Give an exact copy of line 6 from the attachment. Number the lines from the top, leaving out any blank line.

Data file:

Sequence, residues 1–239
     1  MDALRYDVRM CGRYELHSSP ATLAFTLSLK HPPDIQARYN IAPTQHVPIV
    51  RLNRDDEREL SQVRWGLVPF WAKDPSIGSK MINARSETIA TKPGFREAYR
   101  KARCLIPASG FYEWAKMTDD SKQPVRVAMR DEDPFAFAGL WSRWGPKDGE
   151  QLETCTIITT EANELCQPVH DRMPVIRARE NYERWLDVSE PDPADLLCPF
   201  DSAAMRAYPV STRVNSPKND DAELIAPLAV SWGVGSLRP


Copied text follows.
   201  DSAAMRAYPV STRVNSPKND DAELIAPLAV SWGVGSLRP